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Candidates say education funding system broken
Candidates for the May 14 provincial election in Parksville Qualicum Beach say the $1.1 million budget shortfall facing the local school district points to larger challenges in both the funding of education and the global economy.
B.C. Liberal party candidate Michelle Stilwell, reached by e-mail from Australia, said District 69's challenges "run deeper than just education."
"There is global economic uncertainty and notwithstanding B.C. has done quite well in its economic performance during this time, there is still a concern," Stilwell wrote. "This is why it's so important for us to have a strong economy. A strong economy leads to more government ability to invest in things like education."
NDP candidate Barry Avis said the formula for school funding is not working.
"The funding model that's in place right now is not proper and that needs to be addressed," said Avis.
The former Qualicum beach town councillor also said the "last thing" he would like to see is any schools closing, but "everything else is up for review," including layoffs.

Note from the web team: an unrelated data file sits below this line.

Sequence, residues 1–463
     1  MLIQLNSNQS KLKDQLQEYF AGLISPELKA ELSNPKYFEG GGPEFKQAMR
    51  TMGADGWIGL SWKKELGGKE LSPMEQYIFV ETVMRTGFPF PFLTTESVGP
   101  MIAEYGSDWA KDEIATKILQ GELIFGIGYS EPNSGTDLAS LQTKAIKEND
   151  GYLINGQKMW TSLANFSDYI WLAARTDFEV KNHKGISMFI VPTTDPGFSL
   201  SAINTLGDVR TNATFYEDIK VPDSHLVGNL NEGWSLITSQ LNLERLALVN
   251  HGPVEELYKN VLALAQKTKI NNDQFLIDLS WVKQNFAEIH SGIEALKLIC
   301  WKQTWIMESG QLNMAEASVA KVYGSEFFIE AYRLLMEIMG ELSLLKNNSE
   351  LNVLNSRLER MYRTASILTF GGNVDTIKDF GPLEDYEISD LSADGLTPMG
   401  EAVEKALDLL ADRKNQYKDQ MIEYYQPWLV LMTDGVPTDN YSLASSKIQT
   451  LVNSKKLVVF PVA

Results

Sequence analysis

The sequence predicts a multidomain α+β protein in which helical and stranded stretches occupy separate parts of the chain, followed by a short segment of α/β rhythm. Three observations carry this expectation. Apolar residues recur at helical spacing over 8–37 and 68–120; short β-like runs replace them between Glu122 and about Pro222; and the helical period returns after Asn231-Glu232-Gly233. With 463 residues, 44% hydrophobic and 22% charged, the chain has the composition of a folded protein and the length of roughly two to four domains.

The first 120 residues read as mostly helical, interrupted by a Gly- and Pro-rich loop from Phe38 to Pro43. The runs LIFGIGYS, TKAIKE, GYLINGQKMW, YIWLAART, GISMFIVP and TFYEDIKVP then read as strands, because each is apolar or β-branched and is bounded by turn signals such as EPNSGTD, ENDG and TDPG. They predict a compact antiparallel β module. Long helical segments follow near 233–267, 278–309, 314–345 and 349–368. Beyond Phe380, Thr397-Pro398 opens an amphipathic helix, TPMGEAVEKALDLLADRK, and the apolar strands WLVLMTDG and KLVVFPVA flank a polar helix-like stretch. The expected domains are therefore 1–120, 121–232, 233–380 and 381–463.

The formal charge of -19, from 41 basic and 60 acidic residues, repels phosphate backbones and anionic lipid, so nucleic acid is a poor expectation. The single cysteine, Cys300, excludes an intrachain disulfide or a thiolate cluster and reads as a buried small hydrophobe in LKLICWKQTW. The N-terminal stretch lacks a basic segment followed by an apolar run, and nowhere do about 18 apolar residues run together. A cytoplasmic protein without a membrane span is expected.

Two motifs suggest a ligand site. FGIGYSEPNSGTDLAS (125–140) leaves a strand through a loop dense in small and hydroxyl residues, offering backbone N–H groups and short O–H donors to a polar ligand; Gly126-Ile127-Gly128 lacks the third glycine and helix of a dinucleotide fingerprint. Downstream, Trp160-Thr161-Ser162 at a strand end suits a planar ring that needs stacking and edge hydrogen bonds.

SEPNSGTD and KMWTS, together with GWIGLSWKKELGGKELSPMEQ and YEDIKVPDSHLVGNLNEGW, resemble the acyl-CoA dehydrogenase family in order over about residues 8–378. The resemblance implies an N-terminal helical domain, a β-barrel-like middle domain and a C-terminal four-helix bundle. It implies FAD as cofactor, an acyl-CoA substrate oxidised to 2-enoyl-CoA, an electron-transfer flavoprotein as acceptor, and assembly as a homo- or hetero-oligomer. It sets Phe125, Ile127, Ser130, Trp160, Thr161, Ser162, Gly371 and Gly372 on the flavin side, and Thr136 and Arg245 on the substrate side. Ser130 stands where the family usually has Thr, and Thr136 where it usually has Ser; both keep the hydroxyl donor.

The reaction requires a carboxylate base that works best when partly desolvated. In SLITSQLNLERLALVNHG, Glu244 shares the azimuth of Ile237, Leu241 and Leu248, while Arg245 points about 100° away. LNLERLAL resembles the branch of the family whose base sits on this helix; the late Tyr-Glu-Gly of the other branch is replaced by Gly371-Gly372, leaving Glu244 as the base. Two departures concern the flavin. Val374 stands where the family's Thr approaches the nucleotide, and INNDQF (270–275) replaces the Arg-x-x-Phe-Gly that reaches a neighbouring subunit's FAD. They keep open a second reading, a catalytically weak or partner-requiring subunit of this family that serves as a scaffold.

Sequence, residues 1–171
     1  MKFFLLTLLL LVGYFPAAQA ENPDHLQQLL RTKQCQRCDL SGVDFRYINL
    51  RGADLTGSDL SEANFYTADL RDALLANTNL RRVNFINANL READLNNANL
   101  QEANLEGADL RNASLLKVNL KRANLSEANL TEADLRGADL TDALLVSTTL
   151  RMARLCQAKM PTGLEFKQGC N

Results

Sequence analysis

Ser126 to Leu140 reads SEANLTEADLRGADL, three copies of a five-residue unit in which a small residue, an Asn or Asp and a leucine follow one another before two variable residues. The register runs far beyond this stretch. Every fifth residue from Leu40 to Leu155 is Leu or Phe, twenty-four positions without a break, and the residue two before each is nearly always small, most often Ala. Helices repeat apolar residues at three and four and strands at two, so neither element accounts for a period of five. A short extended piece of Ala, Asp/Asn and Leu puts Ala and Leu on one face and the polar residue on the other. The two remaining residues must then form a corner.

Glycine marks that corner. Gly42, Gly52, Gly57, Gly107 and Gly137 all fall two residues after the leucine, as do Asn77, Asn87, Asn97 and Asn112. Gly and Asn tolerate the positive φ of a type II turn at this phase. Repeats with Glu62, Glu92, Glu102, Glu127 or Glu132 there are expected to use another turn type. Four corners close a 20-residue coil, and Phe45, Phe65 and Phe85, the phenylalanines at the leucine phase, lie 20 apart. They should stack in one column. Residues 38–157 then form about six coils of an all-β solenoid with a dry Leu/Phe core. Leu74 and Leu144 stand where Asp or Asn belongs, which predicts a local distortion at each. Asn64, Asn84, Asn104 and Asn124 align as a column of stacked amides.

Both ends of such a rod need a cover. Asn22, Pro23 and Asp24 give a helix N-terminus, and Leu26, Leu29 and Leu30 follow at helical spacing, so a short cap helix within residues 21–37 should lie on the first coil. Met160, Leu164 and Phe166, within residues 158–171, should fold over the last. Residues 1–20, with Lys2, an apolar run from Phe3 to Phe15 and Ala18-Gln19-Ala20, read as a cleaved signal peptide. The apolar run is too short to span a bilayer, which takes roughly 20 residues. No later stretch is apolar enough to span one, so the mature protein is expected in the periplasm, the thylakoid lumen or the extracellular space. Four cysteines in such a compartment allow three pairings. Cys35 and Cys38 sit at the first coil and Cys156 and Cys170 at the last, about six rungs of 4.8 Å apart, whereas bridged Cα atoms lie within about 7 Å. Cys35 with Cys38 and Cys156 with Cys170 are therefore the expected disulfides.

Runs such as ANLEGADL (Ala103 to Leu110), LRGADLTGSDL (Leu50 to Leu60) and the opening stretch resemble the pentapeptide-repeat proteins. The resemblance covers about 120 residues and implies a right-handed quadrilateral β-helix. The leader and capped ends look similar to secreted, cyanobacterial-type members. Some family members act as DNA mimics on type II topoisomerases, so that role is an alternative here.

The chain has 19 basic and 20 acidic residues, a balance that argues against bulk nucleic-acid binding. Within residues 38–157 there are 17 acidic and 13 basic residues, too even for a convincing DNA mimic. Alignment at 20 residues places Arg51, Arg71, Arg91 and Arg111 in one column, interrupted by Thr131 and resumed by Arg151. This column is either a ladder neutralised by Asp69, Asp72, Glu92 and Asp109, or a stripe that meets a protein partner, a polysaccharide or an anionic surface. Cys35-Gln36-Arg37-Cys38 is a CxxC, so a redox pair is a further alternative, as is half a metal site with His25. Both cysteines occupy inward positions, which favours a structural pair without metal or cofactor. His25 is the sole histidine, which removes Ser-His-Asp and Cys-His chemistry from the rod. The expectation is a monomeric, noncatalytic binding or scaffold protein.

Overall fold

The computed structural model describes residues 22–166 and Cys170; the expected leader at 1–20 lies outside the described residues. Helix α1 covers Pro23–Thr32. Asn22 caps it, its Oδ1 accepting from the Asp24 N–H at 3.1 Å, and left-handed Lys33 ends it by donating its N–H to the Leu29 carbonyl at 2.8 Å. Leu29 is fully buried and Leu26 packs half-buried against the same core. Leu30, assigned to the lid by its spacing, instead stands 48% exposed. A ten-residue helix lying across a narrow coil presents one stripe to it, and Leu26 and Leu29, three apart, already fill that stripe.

"Good management means you review all options," said Avis. "They (the District 69 board of trustees) have a real task on their hands. It's their responsibility to look at everything."
Stilwell also said the issue of education funding "requires new, innovative and collaborative approaches while taking into account the things that have worked or failed in the past."
B.C. Conservative Party candidate David Coupland said the other school district in this constituency has faced similar budgetary challenges in the last few years. Coupland's son was in high school in District 68 last year.
"Millions and millions of dollars (in the budget) and they had to share math books," said Coupland. "It's kinda bizarre."
Coupland said increases negotiated through bargaining agreements put pressure on local school districts.
"They (the provincial government) negotiate something and then they don't follow it up with the funding," he said.